Writing (about Odin) fixes everything

Odin, as seen by Arthur Rackham.

I’ve been through a few non-bloggable ups and downs in the last year, and it has been hard to attend to my writing. I hear this a lot from students I teach: they often stop writing when life gets a bit complex (as it always will at some stage) and then they fall out of their stories and can’t get back in. Absolutely, it is difficult to concentrate on your writing when there are so many distractions and demands on mental and emotional energy.

But I’ve found that if life gets hard and I stop writing, my melancholy deepens, my sense of hopelessness intensifies, my feelings of displacement echo more loudly. I am 70 000 words into Isabella’s Gift, the next Kimberley Freeman novel (you can read about it over there), but have temporarily put it on hold to attend to some heavy paperwork and sort out a bit of research. Because it’s bad for me to stop writing all together, I’m writing a short story that is quickly turning into a novella. It’s called, tentatively, “Dreams of Wild Blood”, and it’s about a girl who has grown up with supernatural strength and has learned to hide it, and she finds out on the eve of her wedding that Odin is her father. Adventure, drama, and cage-fighting with frost giants ensues. Dear Lord I am having a good time writing it. I’ve spent this morning in bed with lots of cups of tea, a copy of the Poetic Edda at my elbow, and my netbook on my lap, banging out a couple of thousand words. So. Much. Fun. It makes the mountain of legal forms waiting for me on my desk much less foreboding.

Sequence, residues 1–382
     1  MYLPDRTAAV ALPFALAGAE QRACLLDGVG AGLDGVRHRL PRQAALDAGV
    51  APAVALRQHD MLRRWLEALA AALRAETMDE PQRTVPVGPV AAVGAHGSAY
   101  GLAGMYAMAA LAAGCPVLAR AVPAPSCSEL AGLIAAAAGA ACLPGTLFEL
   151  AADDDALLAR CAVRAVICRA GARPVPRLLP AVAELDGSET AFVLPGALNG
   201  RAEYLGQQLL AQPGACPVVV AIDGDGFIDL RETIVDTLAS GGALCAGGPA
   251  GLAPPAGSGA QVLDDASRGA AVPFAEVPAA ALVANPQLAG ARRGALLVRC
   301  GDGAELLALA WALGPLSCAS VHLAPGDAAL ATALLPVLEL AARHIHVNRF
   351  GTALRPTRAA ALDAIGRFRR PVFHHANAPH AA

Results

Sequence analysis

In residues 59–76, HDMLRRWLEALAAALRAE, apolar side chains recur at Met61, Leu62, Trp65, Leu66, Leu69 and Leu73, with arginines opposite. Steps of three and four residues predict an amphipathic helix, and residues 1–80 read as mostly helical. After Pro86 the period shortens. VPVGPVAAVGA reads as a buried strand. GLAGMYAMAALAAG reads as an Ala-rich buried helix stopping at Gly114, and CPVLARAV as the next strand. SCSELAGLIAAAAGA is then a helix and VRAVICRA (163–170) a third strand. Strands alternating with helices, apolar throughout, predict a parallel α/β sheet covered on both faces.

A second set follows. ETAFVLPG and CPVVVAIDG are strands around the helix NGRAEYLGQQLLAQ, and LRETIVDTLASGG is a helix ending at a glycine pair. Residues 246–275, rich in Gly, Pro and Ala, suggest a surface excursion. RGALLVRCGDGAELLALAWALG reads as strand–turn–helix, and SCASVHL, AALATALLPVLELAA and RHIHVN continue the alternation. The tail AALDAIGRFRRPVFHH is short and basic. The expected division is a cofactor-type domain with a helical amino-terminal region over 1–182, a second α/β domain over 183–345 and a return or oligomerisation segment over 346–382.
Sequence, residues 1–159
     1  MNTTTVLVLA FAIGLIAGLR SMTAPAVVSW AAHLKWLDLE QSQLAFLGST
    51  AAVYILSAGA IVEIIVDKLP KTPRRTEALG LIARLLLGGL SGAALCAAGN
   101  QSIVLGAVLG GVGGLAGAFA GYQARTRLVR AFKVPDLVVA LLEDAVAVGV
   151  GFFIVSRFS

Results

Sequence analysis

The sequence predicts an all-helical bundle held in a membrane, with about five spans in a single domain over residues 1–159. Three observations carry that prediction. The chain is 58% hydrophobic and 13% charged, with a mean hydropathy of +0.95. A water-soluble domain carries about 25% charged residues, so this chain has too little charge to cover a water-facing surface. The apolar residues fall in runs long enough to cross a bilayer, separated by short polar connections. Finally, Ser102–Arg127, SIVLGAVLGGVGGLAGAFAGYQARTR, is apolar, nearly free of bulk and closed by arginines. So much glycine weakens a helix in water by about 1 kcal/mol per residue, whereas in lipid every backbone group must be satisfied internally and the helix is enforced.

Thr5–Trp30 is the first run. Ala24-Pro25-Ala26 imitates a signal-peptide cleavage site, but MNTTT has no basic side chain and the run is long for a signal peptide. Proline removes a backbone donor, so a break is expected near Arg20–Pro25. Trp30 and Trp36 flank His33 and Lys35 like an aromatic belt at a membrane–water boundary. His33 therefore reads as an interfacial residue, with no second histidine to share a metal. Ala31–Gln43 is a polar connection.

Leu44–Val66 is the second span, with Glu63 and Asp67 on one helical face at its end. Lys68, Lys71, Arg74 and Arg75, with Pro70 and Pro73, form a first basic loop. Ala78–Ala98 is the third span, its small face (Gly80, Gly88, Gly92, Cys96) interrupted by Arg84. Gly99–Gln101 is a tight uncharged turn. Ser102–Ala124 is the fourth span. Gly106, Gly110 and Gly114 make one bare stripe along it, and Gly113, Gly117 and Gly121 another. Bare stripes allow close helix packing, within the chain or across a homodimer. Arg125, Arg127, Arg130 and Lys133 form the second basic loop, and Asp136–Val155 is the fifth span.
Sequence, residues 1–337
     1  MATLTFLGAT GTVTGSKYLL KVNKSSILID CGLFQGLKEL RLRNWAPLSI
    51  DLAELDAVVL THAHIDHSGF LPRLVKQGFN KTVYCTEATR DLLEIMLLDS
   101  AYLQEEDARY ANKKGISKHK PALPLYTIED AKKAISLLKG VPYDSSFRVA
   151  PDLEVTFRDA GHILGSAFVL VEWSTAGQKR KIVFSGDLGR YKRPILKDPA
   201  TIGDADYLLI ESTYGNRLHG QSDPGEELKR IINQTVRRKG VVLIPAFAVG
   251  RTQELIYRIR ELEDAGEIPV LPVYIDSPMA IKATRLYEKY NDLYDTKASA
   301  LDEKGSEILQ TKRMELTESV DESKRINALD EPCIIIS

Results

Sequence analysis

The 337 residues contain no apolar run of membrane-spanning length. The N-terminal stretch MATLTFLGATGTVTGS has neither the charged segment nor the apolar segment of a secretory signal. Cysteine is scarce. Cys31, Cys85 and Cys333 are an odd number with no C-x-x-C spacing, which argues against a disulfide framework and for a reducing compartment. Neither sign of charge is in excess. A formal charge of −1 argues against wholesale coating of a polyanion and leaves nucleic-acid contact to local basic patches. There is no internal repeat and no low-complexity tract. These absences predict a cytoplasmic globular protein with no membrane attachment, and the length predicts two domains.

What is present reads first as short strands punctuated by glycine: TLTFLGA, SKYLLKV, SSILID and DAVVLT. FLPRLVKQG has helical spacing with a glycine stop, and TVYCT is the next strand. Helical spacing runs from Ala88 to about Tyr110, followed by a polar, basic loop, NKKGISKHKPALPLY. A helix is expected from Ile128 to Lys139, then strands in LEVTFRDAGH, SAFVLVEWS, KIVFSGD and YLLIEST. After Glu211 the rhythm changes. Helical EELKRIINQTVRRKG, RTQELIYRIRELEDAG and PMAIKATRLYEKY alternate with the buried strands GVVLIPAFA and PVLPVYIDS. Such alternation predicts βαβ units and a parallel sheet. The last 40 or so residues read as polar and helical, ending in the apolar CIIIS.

And that’s my point. Writing fixes everything. Instead of saying, “I’m too depressed to write”, you should say “I’m depressed: I must write.” Don’t make writing another chore, another heavy expectation, another unwanted obligation to fit into your miserable day. Make it the place you go to get away from all that shit, your rabbit-hole, your luxurious den of Viking mythology (or whatever it is you are writing about). There is so much pleasure in writing: why deny yourself of it in times that are bleak?

“Dreams of Wild Blood” will be published in a new e-journal called Australian Review of Fiction in February next year. I’ll let you know.

8 responses to “Writing (about Odin) fixes everything

  1. Pingback: Good news: Louise Cusack, Zola Jesus — come on down! « Vampires in the Sunburnt Country

  2. Excited to hear about Dreams… I really enjoy your supernatural works, despite the unhappy endings! I realise you’re probably going to be quite busy for some time with the popularity of the Kimberley Freeman books, but are there any plans to return to your horror/grimm-type fairy-tales?

    • Hi, Simone. I got a little tired of the supernatural thrillers. I’ve finished an epic fantasy that should scratch the itch, but don’t know who’s going to publish it and when. Watch this space. k

  3. Hi Kim,
    ‘Isabella’s Gift’ sounds a little like Kim Wilkins’ works (e.g., Europa Suite). So, what makes you decide to use either KW or KF?
    Kerrie

      • Sorry Kim, my mistake. I reread your post. I was thinking Isabella’s Gift was about the girl who finds out Odin is her father. Tch tch, I better read more carefully next time.
        I’ve been reading your books since I went to a QWC writers’ workshop you presented on horror writing many years ago. Whether KW or KF I have always found your writing engaging. And I have to admit, it’s been interesting ‘watching’ the progression of your writing over the years.
        While this website is full of interesting facts about your writing life, your writing itself shows your incredible journey.
        Kerrie

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